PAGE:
One advice that’s given to young engineers these days is to focus on machine learning. The next advice is to focus on life sciences. The field of healthcare will see a lot of transformation with the injection of better technology over the next decade.
Companies are investing in data innovation, trying to make the best use of the gluttony of data that’s created through digital patient interactions. I’ve talked about this a lot before, but let me summarize it again here.
Data is generated when a patient contacts a medical office and requests an appointment. The medication they are prescribed and how quickly they return for their refill, along with the lab values which are generated from that patient, all of that is data.
We have no problem accumulating most of this data but there is no good way, yet, to take all of this information and put it to good use. We have an oversupply of data and an undersupply of ideas and methods of taking this data and improving healthcare.
Data Innovation Challenge
The main reason for this post is to announce that Bluecross and Blueshield are putting on a Data Innovation Challenge which anyone can enter. The prize is access to a lot of resources from BSBC and their HIMSS partner. Their goals is to achieve:
- Better care for Individuals
- Better Health for Populations
- Lower Per Capita Cost
They list 3 specific areas where they are hoping to make a difference with data innovation. It’s all related to healthcare which makes it the ideal scene for a healthcare professional to make a difference.
Whether you have an idea yourself and need a team to to work with you on it, or if you want to act as the clinical mentor for another data science team, there are a lot of ways of entering this data innovation challenge.
Here are the areas of interest:
1. Patient Engagement
BCBS wants to identify and predict which individuals are going to experience a better health outcome if they engage with the healthcare system in a new manner or earlier. Chronic disease prediction is a very good example of this; figure out which patient has a silent chronic disease or is at high risk for a chronic disease and figure out how to get them engaged in healthcare.
We can utilize information we have about a particular patient group by scouring all of their previous EHR data. Or figure out a way to flag the patient based on the method in which they engage with various health systems.
Think of elderly switching over to Medicare. Or someone with a cancer diagnosis who stops engaging with their PCP and only sees their oncologist.
2. Reducing Barriers of Care
The best healthcare system in the world can’t help a patient who is unable to or unwilling to interact with that system. There is a lot which falls on the patient’s shoulders such as having to make the appointment, having to pick up their medications, having to arrange babysitting to get to an appointment, etc.
BCBS’s data innovation challenge is interested to learn about ways these barriers can be reduced so that patients can have easier access, And we need to measure if the easier access truly makes a difference in the health outcome of that patient population.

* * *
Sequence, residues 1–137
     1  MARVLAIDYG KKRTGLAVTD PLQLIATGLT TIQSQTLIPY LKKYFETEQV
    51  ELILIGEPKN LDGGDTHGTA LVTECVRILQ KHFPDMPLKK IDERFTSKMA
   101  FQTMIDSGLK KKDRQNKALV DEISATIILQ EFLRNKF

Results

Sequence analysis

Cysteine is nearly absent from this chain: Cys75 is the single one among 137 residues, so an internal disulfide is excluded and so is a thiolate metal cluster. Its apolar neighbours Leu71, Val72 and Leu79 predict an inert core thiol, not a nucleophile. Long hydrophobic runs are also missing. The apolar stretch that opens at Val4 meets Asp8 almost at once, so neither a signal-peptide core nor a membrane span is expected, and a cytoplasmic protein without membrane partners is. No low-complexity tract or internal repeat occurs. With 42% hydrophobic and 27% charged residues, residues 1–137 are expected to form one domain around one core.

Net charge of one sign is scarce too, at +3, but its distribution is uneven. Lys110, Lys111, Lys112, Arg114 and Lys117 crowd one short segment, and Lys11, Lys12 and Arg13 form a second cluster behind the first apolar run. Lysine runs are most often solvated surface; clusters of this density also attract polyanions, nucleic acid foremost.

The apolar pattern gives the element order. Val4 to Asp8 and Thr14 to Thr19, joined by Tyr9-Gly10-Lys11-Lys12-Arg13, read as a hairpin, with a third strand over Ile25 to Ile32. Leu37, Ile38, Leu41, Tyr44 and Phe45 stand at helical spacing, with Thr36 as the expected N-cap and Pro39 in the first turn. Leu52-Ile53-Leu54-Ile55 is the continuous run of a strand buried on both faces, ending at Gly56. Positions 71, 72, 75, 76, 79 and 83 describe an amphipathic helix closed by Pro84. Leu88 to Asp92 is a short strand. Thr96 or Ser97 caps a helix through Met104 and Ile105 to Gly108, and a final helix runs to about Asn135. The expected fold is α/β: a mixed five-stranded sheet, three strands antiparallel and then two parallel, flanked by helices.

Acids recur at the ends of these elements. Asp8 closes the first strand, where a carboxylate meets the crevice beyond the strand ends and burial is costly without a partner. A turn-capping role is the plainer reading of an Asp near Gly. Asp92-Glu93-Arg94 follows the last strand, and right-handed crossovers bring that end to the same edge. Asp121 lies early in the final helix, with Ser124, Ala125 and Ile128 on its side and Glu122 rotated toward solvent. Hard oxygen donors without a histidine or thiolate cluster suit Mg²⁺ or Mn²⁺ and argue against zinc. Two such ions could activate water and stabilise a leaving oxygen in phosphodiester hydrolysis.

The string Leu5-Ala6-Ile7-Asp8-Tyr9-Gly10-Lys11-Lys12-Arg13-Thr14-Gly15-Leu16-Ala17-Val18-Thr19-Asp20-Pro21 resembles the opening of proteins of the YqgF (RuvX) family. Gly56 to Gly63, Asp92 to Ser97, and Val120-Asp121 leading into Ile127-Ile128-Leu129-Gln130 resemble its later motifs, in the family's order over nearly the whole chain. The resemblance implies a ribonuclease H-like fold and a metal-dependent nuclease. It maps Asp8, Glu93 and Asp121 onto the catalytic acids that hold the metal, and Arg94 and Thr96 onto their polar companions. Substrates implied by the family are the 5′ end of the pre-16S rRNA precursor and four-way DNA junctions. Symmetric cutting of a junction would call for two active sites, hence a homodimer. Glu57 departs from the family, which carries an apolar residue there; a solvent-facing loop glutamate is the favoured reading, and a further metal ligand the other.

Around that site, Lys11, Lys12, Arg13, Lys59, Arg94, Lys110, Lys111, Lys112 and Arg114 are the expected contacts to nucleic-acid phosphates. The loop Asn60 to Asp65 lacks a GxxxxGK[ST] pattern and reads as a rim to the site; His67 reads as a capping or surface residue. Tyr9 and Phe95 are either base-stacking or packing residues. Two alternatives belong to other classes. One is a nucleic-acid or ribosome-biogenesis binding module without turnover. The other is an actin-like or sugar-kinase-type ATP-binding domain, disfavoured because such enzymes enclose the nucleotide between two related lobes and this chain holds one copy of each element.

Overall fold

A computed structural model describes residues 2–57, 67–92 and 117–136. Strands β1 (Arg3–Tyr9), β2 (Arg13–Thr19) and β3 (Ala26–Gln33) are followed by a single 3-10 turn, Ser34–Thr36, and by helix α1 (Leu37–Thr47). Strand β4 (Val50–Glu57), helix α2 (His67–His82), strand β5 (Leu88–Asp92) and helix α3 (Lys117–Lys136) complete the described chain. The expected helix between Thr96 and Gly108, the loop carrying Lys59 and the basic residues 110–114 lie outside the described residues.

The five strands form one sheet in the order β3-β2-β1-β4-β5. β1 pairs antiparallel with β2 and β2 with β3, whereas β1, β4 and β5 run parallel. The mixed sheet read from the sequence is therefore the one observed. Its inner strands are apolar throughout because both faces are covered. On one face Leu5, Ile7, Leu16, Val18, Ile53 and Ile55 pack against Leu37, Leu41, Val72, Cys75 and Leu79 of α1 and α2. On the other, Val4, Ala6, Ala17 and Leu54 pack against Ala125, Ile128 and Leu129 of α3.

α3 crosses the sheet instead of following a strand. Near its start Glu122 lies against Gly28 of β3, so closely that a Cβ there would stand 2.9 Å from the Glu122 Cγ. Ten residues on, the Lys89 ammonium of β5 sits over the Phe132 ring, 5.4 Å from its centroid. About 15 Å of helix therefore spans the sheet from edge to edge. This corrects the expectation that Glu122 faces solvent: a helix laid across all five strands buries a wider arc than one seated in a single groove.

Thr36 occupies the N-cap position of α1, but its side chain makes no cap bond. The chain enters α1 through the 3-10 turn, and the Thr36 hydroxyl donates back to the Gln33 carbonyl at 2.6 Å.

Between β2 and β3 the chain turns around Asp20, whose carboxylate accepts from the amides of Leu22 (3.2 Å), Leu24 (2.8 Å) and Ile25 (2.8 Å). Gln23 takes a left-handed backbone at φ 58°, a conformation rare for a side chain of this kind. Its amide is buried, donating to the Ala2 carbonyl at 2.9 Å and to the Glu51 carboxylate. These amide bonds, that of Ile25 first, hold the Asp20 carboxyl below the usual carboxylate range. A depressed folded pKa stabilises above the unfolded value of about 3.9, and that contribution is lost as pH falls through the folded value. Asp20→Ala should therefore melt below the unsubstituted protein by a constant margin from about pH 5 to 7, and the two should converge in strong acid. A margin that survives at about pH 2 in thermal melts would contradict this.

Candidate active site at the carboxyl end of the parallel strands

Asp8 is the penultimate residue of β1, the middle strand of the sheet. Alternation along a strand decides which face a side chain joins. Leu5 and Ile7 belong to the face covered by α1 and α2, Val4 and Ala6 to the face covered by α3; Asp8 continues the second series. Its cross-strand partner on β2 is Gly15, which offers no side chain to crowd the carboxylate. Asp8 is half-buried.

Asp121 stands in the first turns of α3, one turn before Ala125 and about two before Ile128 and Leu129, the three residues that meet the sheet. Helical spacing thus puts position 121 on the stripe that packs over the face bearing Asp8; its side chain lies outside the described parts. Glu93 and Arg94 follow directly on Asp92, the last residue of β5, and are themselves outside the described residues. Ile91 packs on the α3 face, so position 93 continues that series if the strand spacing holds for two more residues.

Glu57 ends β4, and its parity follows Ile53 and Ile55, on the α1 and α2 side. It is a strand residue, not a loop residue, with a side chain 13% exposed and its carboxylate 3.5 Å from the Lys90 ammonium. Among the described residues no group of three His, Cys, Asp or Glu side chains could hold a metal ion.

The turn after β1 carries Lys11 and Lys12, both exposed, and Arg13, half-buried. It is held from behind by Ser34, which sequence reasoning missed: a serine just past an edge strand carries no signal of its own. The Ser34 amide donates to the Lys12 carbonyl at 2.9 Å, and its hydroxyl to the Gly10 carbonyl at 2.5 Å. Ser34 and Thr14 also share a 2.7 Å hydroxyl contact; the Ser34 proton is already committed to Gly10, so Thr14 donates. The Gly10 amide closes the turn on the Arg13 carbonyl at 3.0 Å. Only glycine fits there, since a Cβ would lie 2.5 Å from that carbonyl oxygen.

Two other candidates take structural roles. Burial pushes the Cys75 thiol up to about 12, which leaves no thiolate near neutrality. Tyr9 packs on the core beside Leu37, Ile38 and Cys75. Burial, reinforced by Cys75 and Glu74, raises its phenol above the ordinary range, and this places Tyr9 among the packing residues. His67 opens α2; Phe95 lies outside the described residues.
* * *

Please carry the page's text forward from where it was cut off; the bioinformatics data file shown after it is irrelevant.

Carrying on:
- patients who are embarrassed by their disease
- youth who can’t get adequate STI care
- rural households who are isolated
- unwilling or unable to navigate the complex healthcare system
- addressing the elderly who might have dementia or inadequate social support
3. Member Journey Through the Healthcare System
The US healthcare system is so large and complex that it’s easy for the patient’s actual health to be ignored. By the time all the data is collected and analyzed, all the tests are done and a diagnosis is reached, the patient may have fallen by the wayside. This can lead to them feeling less engaged, less empowered.
- How can we make better decisions for patients?
- How can we prevent the patient from falling through the cracks?
- How can we ensure patient adherence to lifestyle changes?
- How can we recognize and predict when and who will likely drop out of the system?
Tactics for Healthcare Professionals
If you have any interest in this space, I could see a few ways in which you could put together a proposal for entry into this data challenge contest. Partnering up with others who can complement your skillset will probably make the most sense.
You can reach out to a local AI or machine learning interest group in your area. Look for colleges and universities. Also, you can search scholar.google.com for articles on healthcare data and AI or machine learning. Next, you can reach out to these individuals and see if they have something worth presenting and which you can be a part of.
Simply by applying to this innovation challenge, you’ll likely make some interesting connections with others interested in this field. Perhaps you won’t win but you’ll have new ideas which you can pursue in the future. It’s also a great way to make a name for yourself in the healthcare consulting space.
Consider reaching out on LinkedIn or Twitter, looking for physicians or data science engineers who post about artificial intelligence or machine learning relating to healthcare. It doesn’t have to be healthcare but they might be more engaging with a physician.
There are thousands of healthcare startups all over the world. Consider perusing aggregation websites such as Startup Health to find a good candidate who is active in this space. Maybe they are working on EHR integration or data processing based on NLP.
You might be working for a medical group or healthcare provider who would be interested in supporting you on this journey. If you work for a large medical group then you likely have a strong informatics team whom you can petition for help.